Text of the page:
A Scout cares for the environment
“The man who is blind to the beauties of Nature has missed half the pleasure of life.”
- Lord Robert Baden-Powell
Since Scouting began, young people have been connecting with the outdoors, learning from nature and taking positive action for their local and global environments. Today the world is facing many more environmental challenges than when Scouting started; therefore it is crucial to keep the environment central to Scouting and to ensure that Scouts are a positive force for change.
Scouting plays an important role in connecting people with the natural world, especially given the increasing separation of young people from the natural environment. With nearly 50% of the world’s population living in urban settings, it is important for Scouts to learn about plants, animals, conservation and the ‘bigger environmental picture’.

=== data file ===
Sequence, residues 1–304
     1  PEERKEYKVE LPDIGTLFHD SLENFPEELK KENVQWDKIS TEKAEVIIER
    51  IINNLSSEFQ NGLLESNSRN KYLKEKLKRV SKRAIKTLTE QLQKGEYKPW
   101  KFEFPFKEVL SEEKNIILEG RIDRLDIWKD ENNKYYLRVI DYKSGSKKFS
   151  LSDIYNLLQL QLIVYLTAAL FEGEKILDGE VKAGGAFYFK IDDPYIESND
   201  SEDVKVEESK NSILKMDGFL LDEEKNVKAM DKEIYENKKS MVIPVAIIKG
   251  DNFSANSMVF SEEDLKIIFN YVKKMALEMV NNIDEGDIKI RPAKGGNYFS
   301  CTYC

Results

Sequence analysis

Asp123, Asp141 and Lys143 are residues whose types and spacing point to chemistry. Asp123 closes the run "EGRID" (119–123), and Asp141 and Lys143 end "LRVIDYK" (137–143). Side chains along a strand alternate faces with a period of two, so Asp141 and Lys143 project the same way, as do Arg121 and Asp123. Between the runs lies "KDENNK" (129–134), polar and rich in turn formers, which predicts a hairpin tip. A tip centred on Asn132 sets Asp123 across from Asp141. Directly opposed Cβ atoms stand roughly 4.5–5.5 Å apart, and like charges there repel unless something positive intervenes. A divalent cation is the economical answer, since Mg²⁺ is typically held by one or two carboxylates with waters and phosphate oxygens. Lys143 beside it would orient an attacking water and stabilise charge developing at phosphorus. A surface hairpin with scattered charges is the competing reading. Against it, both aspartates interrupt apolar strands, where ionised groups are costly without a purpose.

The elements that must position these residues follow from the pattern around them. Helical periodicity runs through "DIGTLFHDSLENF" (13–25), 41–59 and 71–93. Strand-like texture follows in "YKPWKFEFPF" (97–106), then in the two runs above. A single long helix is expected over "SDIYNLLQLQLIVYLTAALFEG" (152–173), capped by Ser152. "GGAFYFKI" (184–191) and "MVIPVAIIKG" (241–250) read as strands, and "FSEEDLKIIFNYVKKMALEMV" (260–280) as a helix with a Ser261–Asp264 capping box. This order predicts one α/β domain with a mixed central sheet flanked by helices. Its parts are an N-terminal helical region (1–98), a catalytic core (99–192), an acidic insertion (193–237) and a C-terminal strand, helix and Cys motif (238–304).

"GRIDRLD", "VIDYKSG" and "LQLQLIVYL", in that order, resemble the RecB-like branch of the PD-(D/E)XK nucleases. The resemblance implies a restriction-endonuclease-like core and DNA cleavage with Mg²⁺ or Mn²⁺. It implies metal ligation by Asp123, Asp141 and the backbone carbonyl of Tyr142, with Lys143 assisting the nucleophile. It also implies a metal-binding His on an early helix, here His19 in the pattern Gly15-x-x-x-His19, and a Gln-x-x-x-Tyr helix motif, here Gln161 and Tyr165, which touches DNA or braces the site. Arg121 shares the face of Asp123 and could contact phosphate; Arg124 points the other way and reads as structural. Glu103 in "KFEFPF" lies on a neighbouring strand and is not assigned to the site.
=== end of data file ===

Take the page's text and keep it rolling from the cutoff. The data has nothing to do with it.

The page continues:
Every year, Scouts across Australia organise and participate in a huge number of environmental activities including erosion prevention works, energy and water saving projects, wildlife monitoring projects, tree plantings and environmental training courses. Many Scout Groups are also involved with national events such as Clean Up Australia Day.
The current National Adviser Environment is Patrick McCormick, and the Assistant National Adviser Environment is Annette Cook.
"As a Scout, you are the guardian of the woods. A Scout never damages a tree by hacking it with his knife or axe. It does not take long to fell a tree, but it takes many years to grow one, so a Scout cuts down a tree for a good reason only – not just for the sake of using his axe. For every tree felled, two should be planted."
- Lord Robert Baden-Powell in 'Scouting For Boys: Campfire Yarn No. 16. Plants'